You have moved to a new home and your dog seems to have a problem doing his potty in the new place.
You are thinking about what can be done to resolve this situation?
This article will shed some light on the things that you can do to help your dog overcome his potty issues.
So let’s find out!
To make your dog pee in a new place, let him choose his potty spot and make it to be a rewarding experience for him. Have a routine potty schedule for him and train him on the potty commands. Stay by his side when he does his peeing and minimize any distractions that could take his attention away from his potty.
Let Him Choose His Potty Spot
Dogs often prefer to do their pee and poo in areas where they are familiar with (which they feel is safe and sound) as they will let their guard down during these times.
This is why you will see your dog going around the garden or backyard, hunting high and low for his favorite SAFE potty spot before making his choice.
You should not interrupt him and leave him to do what he wants while you keep an eye on his finding.
It may take your dog a few days to find the right spot for him to use.
Once he finds it, you should let him have his preference.
Make Potty To Be A Rewarding Experience For Him
You will have to go back to the potty training basics, which is to positively reinforce his potty action.
Make him feel that it is going to be a rewarding experience when he does his potty on the designated spot outside the home.
Keep some treats with you so that when he pees outside, offer these rewards to him.
This will make him associate that GOOD things will happen if he keeps practicing this habit.
The goal is to positively reinforce this DESIRED action to make him know that there will be some kind of rewards when he does the right thing.
Plan For A Routine Potty Schedule For Him
Just like you have a routine schedule for your kids to eat, play and sleep so that they can stick to it and follow through, the same goes for your dog as well.
Your dog will need to go potty on the following conditions:
1. In the morning after waking up.
2. After each nap.
3. After each playtime.
4. After each meal.
4. After a stroll.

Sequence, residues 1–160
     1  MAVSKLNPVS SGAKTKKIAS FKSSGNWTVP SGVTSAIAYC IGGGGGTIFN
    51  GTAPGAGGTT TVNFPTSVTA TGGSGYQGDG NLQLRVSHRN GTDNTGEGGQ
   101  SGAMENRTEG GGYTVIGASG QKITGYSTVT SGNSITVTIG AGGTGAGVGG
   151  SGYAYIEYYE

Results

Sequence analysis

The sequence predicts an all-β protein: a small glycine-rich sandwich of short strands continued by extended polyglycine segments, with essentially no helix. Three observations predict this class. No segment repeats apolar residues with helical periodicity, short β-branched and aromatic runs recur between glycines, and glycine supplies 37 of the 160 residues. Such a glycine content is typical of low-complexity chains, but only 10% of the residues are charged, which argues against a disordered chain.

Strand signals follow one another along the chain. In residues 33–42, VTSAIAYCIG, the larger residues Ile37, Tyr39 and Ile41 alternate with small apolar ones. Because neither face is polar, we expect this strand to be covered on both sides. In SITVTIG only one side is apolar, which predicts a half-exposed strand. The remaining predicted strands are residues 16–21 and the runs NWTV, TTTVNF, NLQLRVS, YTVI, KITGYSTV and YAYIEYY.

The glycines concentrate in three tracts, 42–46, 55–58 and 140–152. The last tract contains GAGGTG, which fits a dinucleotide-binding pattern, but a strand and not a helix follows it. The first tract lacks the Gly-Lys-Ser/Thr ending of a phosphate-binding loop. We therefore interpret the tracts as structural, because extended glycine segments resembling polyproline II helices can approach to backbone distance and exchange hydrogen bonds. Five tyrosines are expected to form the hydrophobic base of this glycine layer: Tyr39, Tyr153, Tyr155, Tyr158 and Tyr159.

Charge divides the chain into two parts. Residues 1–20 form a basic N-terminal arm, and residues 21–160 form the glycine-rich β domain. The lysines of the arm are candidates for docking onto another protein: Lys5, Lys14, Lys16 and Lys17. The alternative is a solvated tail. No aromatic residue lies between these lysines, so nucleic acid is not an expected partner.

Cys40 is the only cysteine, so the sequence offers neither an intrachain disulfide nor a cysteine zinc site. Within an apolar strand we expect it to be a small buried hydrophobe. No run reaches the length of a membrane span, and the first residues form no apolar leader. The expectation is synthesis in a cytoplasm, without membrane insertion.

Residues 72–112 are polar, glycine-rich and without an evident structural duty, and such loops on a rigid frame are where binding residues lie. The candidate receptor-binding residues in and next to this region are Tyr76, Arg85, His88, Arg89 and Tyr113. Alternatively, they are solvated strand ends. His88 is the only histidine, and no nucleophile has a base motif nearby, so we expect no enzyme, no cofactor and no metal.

4. Before night sleep.
By having a routine potty schedule, this makes it easier for your dog to learn and get used to doing his business in the right place at the right time.
Knowing your dog’s schedule can also help you to plan for your presence to bring him out for his potty when he is still adapting to his new potty spot.
Also, keep a lookout for any potty signs, such as sniffing on the floor, circling around, scratching the door or pawning.
This is his way of telling you, take me out for potty now!
What determines how frequently your dog should do his potty?
Factors such as the breed, age and activity level of your dog will determine how often he needs to go potty.
If your dog is of a small breed, he is likely going to have a tiny bladder and will not be able to hold his bladder for long.
Likewise, if he is an active dog, who is running around all day, he may need to go out more often for his potty.
Also, if you live in an area with a lot of rain or snow, the ground can be wet, which can affect your dog’s willingness to go out for his pee.
In this case, you will need to plan for an alternative, which is for him to do his potty indoors.
Using dog pee pads can be a feasible option to consider because they are easy to use and provide comfort for your dog.
They are affordable and come in different sizes, which makes them convenient and practical to use.
“Inform” Him To Do His Potty Using Command
If you have not trained your dog to do his potty using command, it’s time for you to train him.
You see, dogs are naturally good at learning and understanding commands, which is why when you use commands such as “Heel”, “Stay”, “Sit”, “Come”, they can easily comply.
So why not train him to do his potty using commands such as “go potty”, “go pee-pee”, “go poop”?
This will certainly come in handy when you need him to do his potty.
What I mean here is that if you have to take your dog for a walk, and you know it’s time for his potty, you can simply command him to do his peeing.
That will save you the hassle of waiting for your dog to be ready for his potty, which could be after the walk.
Always use a positive tone of voice when giving your commands.
Never hit, pinch or yell at your dog if he does not respond to you.He could just not be ready to do his potty yet.
Stay By His Side During His Potty
You will certainly feel awkward if someone stays beside you when you are doing your business.
But that’s not how your dog will perceive when you stay by his side during his potty.
He sees that action as your love for him!
He is depending on you to keep a lookout and keep him from any harm as he will be letting his guard down during his potty.
He has gotten used to you being around him when he pees, so by staying by his side, he will feel safe enough to do his business in an unfamiliar place.
This will certainly help to boost his confidence to perform his pee and poo outside.
Minimize His Distraction
Your dog gets too distracted by what is happening around him and forgets his potty needs.
This is likely going to happen in places where there is too much stimulates that can distract him.
For example, he could have gotten distracted by your children playing, or he might hear your neighbor’s dogs barking.
Your dog is likely to miss his potty breaks when his attention is focused on something else.
What you would need to do is to make use of the potty commands to direct his attention back to his potty business.
And give him some praise and a treat when he is done with that.
You can also use a clicker to help you if you have one.
Press the clicker as soon as he gets to his potty spot and then click again when he does his business before rewarding him.
This way, he will start associating the sound of the clicker with a rewarding potty experience.